Struggling Mets pitcher has a vesting option for 2025 to avoid at all costs

There is no chance the Mets can let the option vest for 2025.
Jun 16, 2024; New York City, New York, USA; New York Mets pitcher Jake Diekman (30) reacts after leaving the game during the eighth inning against the San Diego Padres at Citi Field. Mandatory Credit: John Jones-USA TODAY Sports
Jun 16, 2024; New York City, New York, USA; New York Mets pitcher Jake Diekman (30) reacts after leaving the game during the eighth inning against the San Diego Padres at Citi Field. Mandatory Credit: John Jones-USA TODAY Sports / John Jones-USA TODAY Sports
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Paying a player $4 million is nothing to Steve Cohen. Paying a player like Jake Diekman $4 million becomes outrageous no matter how much money the owner of the New York Mets has. With the year he’s having, the 2025 vesting option for another $4 million needs to be avoided at all costs.

When it comes to vesting options for pitchers, the criteria is usually games played or innings. Diekman, as a lefty who typically plays in more games than innings he pitches, will need to reach 58 games in order to guarantee a contract for next season. He is on pace to do so. Despite throwing only 26.2 innings this season, he has already shown up for 37 Mets games.

Put yourself on DFA watch. There isn’t a chance the Mets let him appear in another 21 games.

The countdown begins for the Mets to use their “get out of jail free card” with Jake Diekman

Diekman is such a tremendously limited reliever you’d swear by the way he was being used the three-batter minimum rule wasn’t in place. Getting three outs is a major accomplishment for him. Facing more than four batters is unachievable.

The last time Diekman faced more than 4 batters was on May 16 in a save against the Philadelphia Phillies when he pitched the 11th inning. It came out of necessity.

Carlos Mendoza has been incredibly careful with Diekman. Lately, as the lefty has struggled, he has tried to set him up for success. It’s not working, though. Diekman is best used as a seat filler on the team plane to the next city.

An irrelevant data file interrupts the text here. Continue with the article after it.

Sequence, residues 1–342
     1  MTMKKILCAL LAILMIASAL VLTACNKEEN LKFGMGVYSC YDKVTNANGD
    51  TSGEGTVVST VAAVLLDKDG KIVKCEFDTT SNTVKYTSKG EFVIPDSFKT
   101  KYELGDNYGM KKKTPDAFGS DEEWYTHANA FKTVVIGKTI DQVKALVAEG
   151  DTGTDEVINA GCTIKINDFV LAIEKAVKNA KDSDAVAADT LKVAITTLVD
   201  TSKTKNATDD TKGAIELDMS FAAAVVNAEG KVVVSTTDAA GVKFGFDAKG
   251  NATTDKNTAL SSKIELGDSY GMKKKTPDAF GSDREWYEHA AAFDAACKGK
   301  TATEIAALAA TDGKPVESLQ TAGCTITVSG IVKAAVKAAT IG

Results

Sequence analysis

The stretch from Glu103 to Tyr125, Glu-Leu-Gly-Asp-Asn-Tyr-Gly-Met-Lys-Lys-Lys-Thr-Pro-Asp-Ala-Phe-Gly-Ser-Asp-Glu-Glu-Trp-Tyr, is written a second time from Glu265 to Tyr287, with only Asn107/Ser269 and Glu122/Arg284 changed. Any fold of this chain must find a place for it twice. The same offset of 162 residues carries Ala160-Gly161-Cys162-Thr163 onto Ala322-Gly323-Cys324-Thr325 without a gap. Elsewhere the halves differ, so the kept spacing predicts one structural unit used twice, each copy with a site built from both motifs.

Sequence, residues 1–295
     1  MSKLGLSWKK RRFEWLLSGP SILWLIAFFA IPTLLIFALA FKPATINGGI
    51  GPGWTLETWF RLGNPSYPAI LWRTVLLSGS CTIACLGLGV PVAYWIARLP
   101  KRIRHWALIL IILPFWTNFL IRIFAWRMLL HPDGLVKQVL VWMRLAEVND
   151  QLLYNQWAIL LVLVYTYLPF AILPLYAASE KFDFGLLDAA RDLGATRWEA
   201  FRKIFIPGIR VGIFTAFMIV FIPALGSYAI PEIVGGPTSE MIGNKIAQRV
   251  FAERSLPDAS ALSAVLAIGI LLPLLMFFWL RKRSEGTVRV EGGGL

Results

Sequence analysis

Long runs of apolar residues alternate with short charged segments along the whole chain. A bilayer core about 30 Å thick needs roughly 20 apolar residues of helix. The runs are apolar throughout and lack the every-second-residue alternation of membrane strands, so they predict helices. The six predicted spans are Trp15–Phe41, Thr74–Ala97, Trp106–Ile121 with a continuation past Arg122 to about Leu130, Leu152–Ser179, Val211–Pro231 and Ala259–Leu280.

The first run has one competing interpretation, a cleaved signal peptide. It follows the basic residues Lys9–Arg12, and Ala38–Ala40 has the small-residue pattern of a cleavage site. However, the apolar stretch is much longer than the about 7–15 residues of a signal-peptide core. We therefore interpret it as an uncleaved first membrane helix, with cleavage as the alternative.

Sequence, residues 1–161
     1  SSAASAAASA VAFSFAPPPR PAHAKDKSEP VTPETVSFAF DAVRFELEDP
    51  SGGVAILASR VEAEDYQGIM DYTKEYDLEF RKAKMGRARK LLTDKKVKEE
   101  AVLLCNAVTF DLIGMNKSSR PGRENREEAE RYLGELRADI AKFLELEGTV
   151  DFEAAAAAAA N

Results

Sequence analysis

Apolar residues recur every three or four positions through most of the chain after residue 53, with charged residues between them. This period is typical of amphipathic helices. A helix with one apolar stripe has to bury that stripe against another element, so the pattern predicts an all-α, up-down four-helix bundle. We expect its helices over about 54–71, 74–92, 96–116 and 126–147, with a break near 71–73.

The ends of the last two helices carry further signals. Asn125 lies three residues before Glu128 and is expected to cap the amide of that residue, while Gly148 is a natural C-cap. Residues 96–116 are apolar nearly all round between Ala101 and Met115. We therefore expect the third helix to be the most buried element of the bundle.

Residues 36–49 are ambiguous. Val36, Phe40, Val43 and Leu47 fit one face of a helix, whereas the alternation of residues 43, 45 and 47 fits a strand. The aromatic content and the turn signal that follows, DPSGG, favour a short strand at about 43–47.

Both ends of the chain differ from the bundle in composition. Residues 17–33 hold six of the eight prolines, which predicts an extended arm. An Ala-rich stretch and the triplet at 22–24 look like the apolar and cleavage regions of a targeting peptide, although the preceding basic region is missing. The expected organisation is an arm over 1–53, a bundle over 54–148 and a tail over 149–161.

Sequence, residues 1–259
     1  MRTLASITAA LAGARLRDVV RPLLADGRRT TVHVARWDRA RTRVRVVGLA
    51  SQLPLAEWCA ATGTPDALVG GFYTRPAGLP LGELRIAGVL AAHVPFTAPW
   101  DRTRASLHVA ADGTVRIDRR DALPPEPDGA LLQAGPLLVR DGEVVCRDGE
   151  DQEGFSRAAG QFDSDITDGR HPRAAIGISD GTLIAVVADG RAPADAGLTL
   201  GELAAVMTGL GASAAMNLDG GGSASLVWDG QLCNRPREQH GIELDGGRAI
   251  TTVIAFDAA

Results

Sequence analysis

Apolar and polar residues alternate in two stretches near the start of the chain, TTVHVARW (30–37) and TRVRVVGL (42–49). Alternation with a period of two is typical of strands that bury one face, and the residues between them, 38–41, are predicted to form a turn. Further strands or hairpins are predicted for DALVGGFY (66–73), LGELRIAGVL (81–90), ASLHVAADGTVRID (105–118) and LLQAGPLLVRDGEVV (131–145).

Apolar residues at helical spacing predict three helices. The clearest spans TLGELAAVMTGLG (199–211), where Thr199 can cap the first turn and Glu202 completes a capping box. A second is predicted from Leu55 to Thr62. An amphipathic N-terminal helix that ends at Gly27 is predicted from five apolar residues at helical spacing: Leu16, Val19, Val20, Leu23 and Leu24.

The big pet peeve with Diekman has been the walks. Even against lefties who’ve been held to only a .159 batting average against him have walked 10 times versus 12 strikeouts.  He has even hit a pair in those 58 plate appearances.

The Diekman contract has the trapdoor to escape from. It’s a good thing because otherwise it would draw some closer comparisons to the unneeded player option the Mets handed to Omar Narvaez when they signed him prior to the 2023 season. The worst thing that could happen there did happen. Narvaez wasn’t able to give the Mets anything offensively in his time with the Mets. Unable to keep up with the rule changes, his complete lack of ability at throwing out runners guaranteed his execution from the roster.

How does it all end with Diekman? His trade value is cratering because of the walks and increase in home runs allowed. Even if he somehow makes it past the trade deadline on the Mets roster, it would be wasteful to allow him to reach 58 games. This vesting option only adds to the lack of interest teams should have in him as a trade deadline option. In small doses, Diekman can work. Unfortunately for him and even the Mets, the superb 50 game stretch with the Tampa Bay Rays last season was short-lived.

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